The government and Malaysia Airports Holdings Bhd (MAHB) will face a lengthy and tedious process if the former intends to allow a new player to manage the Sultan Abdul Aziz Shah Airport in Subang, Selangor.
The process includes getting the approval of MAHB’s board of directors and its international investors for the government-linked company to deviate from their operating agreement (OA).
Eyebrows were raised following WCT Holdings Bhd’s proposal in wanting to re-concession Subang airport. WCT Holdings is owned by businessman Tan Sri Desmond Lim.
MAHB had in the past, put forward plans to rejuvenate the iconic Subang airport. Its wholly-owned subsidiary, KLIA Aeropolis Sdn Bhd had last month, revealed an RM1.3 billion regeneration development for the airport – to transform it into an aviation hub in Asia-Pacific.
Twentytwo13 has learnt that the plan was in fact tabled to the government, specifically to then Prime Minister Datuk Seri Najib Razak, in 2018.
However, a change in government took place after the 14th general election. It was public knowledge that MAHB and the Transport Ministry did not see eye to eye during Pakatan Harapan’s brief tenure in Putrajaya.
“MAHB has plans for Subang. There were hiccups but the plan is back on track. Hopefully, this latest development will not disrupt the plans again,” said a source familiar with the saga.
“If the government even thinks of wanting to get rid of MAHB, it’s best they refer to the OA.”
In 2009, the government had granted the concession and exclusive rights to MAHB to operate 39 airports in the country. The concession period is until 2034.
It is understood MAHB had submitted a supplementary OA for the lease to continue until 2069. The Finance Ministry was notified of the separate agreement and request to extend the lease in the fourth quarter of last year but have yet to respond to the request.
WCT Holdings, in a filing with Bursa Malaysia on May 7, said its proposal is currently a “concept paper”.
There were allegations that the current government is rushing to seal this deal. Amanah deputy president Datuk Seri Salahuddin Ayub recently urged the government not to take advantage of the emergency to sell the airport. It is said WCT Holdings has major plans, which would see it redevelop the 101.17ha landbank located some 20km away from the heart of Kuala Lumpur.
“The OA clearly states that if the government intends to deviate from the agreement, both it and MAHB are required to sign a supplementary agreement for the termination, and complete four processes,” said the source.
The four processes are:
- MAHB’s board of directors must give its blessings to enter into the supplementary agreement to terminate.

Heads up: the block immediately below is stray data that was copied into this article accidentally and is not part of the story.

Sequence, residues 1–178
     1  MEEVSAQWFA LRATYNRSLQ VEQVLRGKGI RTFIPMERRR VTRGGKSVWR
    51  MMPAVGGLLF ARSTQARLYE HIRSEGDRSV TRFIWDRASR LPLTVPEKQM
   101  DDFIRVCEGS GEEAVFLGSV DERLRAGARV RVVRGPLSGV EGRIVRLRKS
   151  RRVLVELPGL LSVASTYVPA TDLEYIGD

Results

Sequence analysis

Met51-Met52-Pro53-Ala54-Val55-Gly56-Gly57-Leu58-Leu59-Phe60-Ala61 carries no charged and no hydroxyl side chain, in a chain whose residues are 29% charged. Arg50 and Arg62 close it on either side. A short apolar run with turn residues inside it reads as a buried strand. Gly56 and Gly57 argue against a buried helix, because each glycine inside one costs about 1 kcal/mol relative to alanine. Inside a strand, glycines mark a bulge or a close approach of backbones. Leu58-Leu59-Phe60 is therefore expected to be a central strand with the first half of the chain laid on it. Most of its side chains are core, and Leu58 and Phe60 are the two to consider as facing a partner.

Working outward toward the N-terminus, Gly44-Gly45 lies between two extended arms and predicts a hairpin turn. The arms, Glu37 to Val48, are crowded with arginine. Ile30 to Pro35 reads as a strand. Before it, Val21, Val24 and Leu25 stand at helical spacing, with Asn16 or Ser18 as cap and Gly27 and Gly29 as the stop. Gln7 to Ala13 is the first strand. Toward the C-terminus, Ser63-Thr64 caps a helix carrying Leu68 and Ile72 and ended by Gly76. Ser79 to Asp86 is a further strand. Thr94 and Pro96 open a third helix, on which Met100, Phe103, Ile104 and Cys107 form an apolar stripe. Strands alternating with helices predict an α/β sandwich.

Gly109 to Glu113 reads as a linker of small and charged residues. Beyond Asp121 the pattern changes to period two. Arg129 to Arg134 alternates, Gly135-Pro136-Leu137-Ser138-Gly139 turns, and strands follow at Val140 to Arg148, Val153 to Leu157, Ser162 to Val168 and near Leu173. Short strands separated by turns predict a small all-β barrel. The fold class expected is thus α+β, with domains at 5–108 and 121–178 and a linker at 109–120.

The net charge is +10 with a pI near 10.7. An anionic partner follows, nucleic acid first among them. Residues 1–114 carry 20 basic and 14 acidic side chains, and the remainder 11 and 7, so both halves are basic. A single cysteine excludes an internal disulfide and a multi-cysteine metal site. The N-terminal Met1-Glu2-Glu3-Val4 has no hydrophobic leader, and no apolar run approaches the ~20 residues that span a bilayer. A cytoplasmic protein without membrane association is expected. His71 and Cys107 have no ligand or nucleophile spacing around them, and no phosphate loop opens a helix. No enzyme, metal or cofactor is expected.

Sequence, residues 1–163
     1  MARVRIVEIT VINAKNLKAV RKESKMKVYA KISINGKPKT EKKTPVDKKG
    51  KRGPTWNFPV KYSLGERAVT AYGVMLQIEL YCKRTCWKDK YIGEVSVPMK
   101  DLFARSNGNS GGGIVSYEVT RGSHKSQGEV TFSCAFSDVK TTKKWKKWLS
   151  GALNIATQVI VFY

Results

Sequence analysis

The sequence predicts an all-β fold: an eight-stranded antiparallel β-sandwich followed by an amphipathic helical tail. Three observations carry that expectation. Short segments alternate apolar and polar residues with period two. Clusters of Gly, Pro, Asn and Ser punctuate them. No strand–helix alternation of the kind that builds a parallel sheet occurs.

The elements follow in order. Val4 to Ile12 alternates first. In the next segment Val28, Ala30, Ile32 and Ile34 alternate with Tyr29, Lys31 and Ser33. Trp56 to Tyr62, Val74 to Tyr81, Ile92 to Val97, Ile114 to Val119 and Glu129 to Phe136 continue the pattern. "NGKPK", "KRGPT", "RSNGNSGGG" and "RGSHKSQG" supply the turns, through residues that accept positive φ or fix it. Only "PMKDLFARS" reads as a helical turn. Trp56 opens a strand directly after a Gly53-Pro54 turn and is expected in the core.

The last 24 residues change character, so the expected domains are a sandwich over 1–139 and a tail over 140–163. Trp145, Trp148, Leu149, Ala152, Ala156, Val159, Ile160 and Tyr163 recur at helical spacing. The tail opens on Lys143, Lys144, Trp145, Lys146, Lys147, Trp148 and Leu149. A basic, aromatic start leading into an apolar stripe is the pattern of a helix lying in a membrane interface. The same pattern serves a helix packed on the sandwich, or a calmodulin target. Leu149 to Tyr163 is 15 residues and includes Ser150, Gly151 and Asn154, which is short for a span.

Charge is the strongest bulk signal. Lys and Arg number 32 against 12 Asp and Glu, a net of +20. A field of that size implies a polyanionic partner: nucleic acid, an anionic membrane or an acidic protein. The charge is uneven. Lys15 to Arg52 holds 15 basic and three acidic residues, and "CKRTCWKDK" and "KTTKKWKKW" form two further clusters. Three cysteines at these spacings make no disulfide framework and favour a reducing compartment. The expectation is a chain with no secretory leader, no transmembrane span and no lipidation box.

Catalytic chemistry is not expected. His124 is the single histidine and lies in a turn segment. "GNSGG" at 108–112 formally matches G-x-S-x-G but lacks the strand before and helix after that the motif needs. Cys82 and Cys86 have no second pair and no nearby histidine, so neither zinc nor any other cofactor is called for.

- Appoint an independent advisor as per Bursa Malaysia’s listing requirements.
- MAHB’s shareholders, including 26 per cent of its international investors, must be informed and agree to the termination.
- Obtain the approval from MAHB’s sukuk holders.
“Many corporations within and outside the aviation industry are paying close attention to this. If the government of the day somehow manages to get MAHB to agree to carve out Subang airport, then the fear is that it could also happen to them. Imagine toll concessionaires.
“The other way around is for the government to not give MAHB an extension beyond 2034. Then, fresh tenders will be called and MAHB, together with other interested players, can try their luck. Many things can happen over the next 13 years. A possible change in government, corporations going bust… the list goes on.”
Another source raised security concerns over the proposed deal.
“The airport is also used by police and the Royal Malaysian Air Force. MAHB is a government-linked company. Will it be safe for a private entity to oversee the nation’s security operations?” he asked.
However, it must be noted that private companies had been tasked to oversee national security matters, including providing MyKad microchips, passports, and to run the Malaysia Immigration System.
MAHB knows it will be on the losing end if Subang airport is taken away from the company. Only a handful of the 39 airports it manages are sustainable, and Subang is one of them. In order for airports to be successful, they need to cater for international flights.
AirAsia’s Tan Sri Tony Fernandes, had, in an interview with The Edge Malaysia Weekly in March, said: “I think if Subang is turned into a city airport and run by different people … I don’t think one authority should own all the airports.”
The source added: “Many people, especially those in the Klang Valley and from up north, would prefer to fly out from Subang than KL International Airport (KLIA). This would force the likes of Malaysia Airlines, and even AirAsia, to run flights from Subang.
“If MAHB is given the boot from Subang, it will only make financial sense to cut cost and downsize its staff in KLIA. That would mean people losing their jobs.”
“Then again, those intending to take over Subang will obviously promise job opportunities.”